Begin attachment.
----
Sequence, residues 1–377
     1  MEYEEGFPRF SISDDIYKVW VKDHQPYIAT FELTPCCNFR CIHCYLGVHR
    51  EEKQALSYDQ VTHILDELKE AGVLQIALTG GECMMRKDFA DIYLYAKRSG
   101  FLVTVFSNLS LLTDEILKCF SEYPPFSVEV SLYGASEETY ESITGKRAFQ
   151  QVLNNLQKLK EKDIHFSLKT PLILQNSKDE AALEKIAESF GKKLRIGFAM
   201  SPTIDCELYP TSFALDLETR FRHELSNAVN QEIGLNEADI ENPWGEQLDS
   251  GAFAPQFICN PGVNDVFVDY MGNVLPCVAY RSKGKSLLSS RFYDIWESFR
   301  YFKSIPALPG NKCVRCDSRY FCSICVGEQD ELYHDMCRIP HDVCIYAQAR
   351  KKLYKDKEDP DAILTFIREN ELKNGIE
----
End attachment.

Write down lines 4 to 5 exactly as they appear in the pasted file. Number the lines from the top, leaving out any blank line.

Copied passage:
   101  FLVTVFSNLS LLTDEILKCF SEYPPFSVEV SLYGASEETY ESITGKRAFQ
   151  QVLNNLQKLK EKDIHFSLKT PLILQNSKDE AALEKIAESF GKKLRIGFAM